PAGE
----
Castiglioni, P., Bell, E., Lund, A., Rosenberg, A. F., Galligan, M., Hinchey, B. S., et al. (2018). Identification of GB1, a gene whose constitutive overexpression increases glycinebetaine content in maize and soybean. Plant Direct 2:e00040. doi: 10.1002/pld3.40

PubMed Abstract | CrossRef Full Text | Google Scholar

Ceccoli, R. D., Blanco, N. E., Medina, M., and Carrillo, N. (2011). Stress response of transgenic tobacco plants expressing a cyanobacterial ferredoxin in chloroplasts. Plant Mol. Biol. 76, 535–544. doi: 10.1007/s11103-011-9786-9

PubMed Abstract | CrossRef Full Text | Google Scholar

Ceccoli, R. D., Blanco, N. E., Segretin, M. E., Melzer, M., Hanke, G. T., Scheibe, R., et al. (2012). Flavodoxin displays dose-dependent effects on photosynthesis and stress tolerance when expressed in transgenic tobacco plants. Planta 236, 1447–1458. doi: 10.1007/s00425-012-1695-x

PubMed Abstract | CrossRef Full Text | Google Scholar

Chen, T. H., and Murata, N. (2002). Enhancement of tolerance of abiotic stress by metabolic engineering of betaines and other compatible solutes. Curr. Opin. Plant Biol. 5, 250–257. doi: 10.1016/S1369-5266(02)00255-8

PubMed Abstract | CrossRef Full Text | Google Scholar

Chen, T. H., and Murata, N. (2008). Glycinebetaine: an effective protectant against abiotic stress in plants. Trends Plant Sci. 13, 499–505. doi: 10.1016/j.tplants.2008.06.007

PubMed Abstract | CrossRef Full Text | Google Scholar

Chen, T. H., and Murata, N. (2011). Glycinebetaine protects plants against abiotic stress: mechanisms and biotechnological applications. Plant Cell Environ. 34, 1–20. doi: 10.1111/j.1365-3040.2010.02232.x

PubMed Abstract | CrossRef Full Text | Google Scholar

Chen, Y. E., Mao, H. T., Wu, N., Mohi Ud Din, A., Khan, A., Zhang, H. Y., et al. (2020). Salicylic acid protects photosystem II by alleviating photoinhibition in Arabidopsis thaliana under high light. Int. J. Mol. Sci. 21:1229. doi: 10.3390/ijms21041229

PubMed Abstract | CrossRef Full Text | Google Scholar

Coba de la Peña, T., Redondo, F. J., Manrique, E., Lucas, M. M., and Pueyo, J. J. (2010). Nitrogen fixation persists under conditions of salt stress in transgenic Medicago truncatula plants expressing a cyanobacterial flavodoxin. Plant Biotechnol. J. 8, 954–965. doi: 10.1111/j.1467-7652.2010.00519.x

PubMed Abstract | CrossRef Full Text | Google Scholar

El-Esawi, M. A., and Alayafi, A. A. (2019a). Overexpression of rice Rab7 gene improves drought and heat tolerance and increases grain yield in rice (Oryza sativa L.). Genes 10:56. doi: 10.3390/genes10010056

PubMed Abstract | CrossRef Full Text | Google Scholar

El-Esawi, M. A., and Alayafi, A. A. (2019b). Overexpression of StDREB2 transcription factor enhances drought stress tolerance in cotton (Gossypium barbadense L.). Genes 10:142. doi: 10.3390/genes10020142

PubMed Abstract | CrossRef Full Text | Google Scholar

Gharechahi, J., Hajirezaei, M. R., and Salekdeh, G. H. (2015). Comparative proteomic analysis of tobacco expressing cyanobacterial flavodoxin and its wild type under drought stress. J. Plant Physiol. 175, 48–58. doi: 10.1016/j.jplph.2014.11.001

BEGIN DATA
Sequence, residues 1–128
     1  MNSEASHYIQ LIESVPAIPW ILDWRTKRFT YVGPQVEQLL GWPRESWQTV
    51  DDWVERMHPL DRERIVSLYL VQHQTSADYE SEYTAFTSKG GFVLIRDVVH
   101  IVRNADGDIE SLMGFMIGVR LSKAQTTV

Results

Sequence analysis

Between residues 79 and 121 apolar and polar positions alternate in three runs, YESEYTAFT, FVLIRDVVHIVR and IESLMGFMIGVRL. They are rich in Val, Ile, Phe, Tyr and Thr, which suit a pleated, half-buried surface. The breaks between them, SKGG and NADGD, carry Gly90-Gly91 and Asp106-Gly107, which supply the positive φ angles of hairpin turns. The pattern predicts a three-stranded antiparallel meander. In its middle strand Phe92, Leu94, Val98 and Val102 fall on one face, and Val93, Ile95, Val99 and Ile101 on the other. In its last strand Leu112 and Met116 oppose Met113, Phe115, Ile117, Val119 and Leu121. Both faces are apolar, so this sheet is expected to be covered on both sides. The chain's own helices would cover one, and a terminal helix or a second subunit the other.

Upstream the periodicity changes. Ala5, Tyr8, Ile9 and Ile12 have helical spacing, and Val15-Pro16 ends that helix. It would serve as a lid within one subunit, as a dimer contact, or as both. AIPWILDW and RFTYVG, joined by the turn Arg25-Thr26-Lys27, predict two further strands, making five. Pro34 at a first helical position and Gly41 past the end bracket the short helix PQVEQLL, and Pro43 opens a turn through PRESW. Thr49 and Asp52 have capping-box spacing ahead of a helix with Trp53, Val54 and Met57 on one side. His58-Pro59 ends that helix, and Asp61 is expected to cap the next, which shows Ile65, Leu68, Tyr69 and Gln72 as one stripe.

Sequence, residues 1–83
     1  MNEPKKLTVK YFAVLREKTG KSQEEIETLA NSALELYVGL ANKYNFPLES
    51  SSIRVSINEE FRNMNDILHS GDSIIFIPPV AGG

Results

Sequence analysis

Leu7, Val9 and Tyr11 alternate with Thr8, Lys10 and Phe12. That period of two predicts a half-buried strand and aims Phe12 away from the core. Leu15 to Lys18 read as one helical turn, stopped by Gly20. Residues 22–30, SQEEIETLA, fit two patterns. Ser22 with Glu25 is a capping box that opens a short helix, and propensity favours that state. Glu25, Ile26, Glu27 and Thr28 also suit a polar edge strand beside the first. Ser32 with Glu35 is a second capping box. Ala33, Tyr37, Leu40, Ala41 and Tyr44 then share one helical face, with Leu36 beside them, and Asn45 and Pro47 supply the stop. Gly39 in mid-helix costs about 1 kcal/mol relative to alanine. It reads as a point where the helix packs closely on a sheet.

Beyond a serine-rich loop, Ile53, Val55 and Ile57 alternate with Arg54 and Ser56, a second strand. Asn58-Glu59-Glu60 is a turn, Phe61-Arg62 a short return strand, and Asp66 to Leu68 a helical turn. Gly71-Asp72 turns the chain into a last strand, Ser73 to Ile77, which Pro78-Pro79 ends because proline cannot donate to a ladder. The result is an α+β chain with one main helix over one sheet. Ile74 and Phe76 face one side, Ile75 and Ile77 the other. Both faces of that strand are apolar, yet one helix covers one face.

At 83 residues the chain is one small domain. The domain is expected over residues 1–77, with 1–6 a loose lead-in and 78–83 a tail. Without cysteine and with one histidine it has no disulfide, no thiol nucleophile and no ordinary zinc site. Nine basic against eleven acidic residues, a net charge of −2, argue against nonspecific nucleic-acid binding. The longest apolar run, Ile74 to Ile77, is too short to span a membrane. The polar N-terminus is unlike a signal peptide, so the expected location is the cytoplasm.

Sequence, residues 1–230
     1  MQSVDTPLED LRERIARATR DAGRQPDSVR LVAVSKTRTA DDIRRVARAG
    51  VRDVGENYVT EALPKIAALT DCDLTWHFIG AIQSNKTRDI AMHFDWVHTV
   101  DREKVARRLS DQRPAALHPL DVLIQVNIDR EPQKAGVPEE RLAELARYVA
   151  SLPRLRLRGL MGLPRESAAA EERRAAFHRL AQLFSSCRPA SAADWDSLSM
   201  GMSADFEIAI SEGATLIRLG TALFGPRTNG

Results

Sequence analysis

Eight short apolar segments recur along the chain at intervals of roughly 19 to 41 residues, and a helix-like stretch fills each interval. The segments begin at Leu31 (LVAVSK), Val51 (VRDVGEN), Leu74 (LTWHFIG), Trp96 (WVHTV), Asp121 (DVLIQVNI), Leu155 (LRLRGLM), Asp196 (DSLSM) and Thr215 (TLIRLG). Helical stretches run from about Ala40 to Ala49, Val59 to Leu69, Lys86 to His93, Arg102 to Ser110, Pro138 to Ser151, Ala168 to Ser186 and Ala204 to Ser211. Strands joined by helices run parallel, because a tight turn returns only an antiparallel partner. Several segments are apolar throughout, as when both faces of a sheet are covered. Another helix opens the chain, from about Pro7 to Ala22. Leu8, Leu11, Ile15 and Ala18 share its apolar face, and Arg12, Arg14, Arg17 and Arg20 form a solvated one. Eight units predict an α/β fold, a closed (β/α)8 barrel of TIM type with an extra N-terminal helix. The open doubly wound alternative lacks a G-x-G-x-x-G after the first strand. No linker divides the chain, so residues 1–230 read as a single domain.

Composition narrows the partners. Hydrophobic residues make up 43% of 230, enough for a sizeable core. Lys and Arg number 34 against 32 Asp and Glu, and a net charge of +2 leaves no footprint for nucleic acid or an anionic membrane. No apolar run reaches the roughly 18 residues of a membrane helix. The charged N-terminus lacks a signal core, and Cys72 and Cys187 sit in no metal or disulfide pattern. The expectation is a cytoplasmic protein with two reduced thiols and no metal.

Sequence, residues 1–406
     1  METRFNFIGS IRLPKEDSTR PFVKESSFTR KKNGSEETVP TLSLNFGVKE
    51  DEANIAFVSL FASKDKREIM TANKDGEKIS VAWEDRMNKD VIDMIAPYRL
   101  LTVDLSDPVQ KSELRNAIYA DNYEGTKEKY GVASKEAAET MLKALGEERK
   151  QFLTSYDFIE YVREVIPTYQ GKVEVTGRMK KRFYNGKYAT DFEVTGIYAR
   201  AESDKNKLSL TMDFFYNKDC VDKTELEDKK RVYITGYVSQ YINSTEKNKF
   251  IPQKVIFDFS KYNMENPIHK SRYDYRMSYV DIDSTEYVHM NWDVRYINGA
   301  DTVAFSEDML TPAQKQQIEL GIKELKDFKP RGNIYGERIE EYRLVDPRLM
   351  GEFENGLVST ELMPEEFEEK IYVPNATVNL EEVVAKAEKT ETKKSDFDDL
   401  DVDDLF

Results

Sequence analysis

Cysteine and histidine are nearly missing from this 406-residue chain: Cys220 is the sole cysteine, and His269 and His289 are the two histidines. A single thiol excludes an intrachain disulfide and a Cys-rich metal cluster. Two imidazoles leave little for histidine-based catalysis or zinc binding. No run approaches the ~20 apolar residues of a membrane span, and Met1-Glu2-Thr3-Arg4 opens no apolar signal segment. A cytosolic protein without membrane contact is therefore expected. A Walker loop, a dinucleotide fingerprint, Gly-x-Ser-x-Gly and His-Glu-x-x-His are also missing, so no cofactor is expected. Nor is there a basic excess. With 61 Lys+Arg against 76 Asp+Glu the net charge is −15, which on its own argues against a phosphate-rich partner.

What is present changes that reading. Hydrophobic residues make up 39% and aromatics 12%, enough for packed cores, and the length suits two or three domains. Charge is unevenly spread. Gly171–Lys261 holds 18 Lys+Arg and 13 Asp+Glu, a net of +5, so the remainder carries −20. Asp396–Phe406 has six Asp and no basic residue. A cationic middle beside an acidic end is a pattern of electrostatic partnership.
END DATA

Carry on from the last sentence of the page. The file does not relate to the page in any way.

PubMed Abstract | CrossRef Full Text | Google Scholar

Giró, M., Ceccoli, R. D., Poli, H. O., Carrillo, N., and Lodeyro, A. F. (2011). An in vivo system involving co-expression of cyanobacterial flavodoxin and ferredoxin–NADP+ reductase confers increased tolerance to oxidative stress in plants. FEBS Open Bio. 1, 7–13. doi: 10.1016/j.fob.2011.10.004

PubMed Abstract | CrossRef Full Text | Google Scholar

Golestan Hashemi, F. S., Ismail, M. R., Rafii, M. Y., Aslani, F., Miah, G., and Muharam, F. M. (2018). Critical multifunctional role of the betaine aldehyde dehydrogenase gene in plants. Biotechnol. Biotechnol. Equip. 32, 815–829. doi: 10.1080/13102818.2018.1478748

CrossRef Full Text | Google Scholar

Gómez, R., Carrillo, N., Morelli, M. P., Tula, S., Shahinnia, F., Hajirezaei, M. R., et al. (2018). Faster photosynthetic induction in tobacco by expressing cyanobacterial flavodiiron proteins in chloroplasts. Photosyn. Res. 136, 129–138. doi: 10.1007/s11120-017-0449-9

PubMed Abstract | CrossRef Full Text | Google Scholar

Gómez, R., Vicino, P., Carrillo, N., and Lodeyro, A. F. (2019). Manipulation of oxidative stress responses as a strategy to generate stress-tolerant crops. from damage to signaling to tolerance. Critic. Rev. Biotechnol. 39, 693–708. doi: 10.1080/07388551.2019.1597829

PubMed Abstract | CrossRef Full Text | Google Scholar

Guo, W., Li, G., Wang, N., Yang, C., Zhao, Y., Peng, H., et al. (2020). A Na+/H+ antiporter, K2-NhaD, improves salt and drought tolerance in cotton (Gossypium hirsutum L.). Plant Mol. Biol. 102, 553–567. doi: 10.1007/s11103-020-00969-1

PubMed Abstract | CrossRef Full Text | Google Scholar

Hasan, H., Gul, A., Amir, R., Ali, M., Kubra, G., Yousaf, S., et al. (2020). “Role of osmoprotectants and drought tolerance in wheat,” in Climate Change and Food Security With Emphasis on Wheat, eds M. Ozturk, and A. Gul (Cambridge: Academic Press), 207–216. doi: 10.1016/B978-0-12-819527-7.00013-3

CrossRef Full Text | Google Scholar

Huang, H., Ullah, F., Zhou, D. X., Yi, M., and Zhao, Y. (2019). Mechanisms of ROS regulation of plant development and stress responses. Front. Plant Sci. 10:800. doi: 10.3389/fpls.2019.00800

PubMed Abstract | CrossRef Full Text | Google Scholar

Huang, H. E., Ho, M. H., Chang, H., Chao, H. Y., and Ger, M. J. (2020). Overexpression of plant ferredoxin-like protein promotes salinity tolerance in rice (Oryza sativa). Plant Physiol. Biochem. 155, 136–146. doi: 10.1016/j.plaphy.2020.07.025

PubMed Abstract | CrossRef Full Text | Google Scholar

Isayenkov, S. V. (2019). Genetic sources for the development of salt tolerance in crops. Plant Growth Regul. 89, 1–17. doi: 10.1007/s10725-019-00519-w

CrossRef Full Text | Google Scholar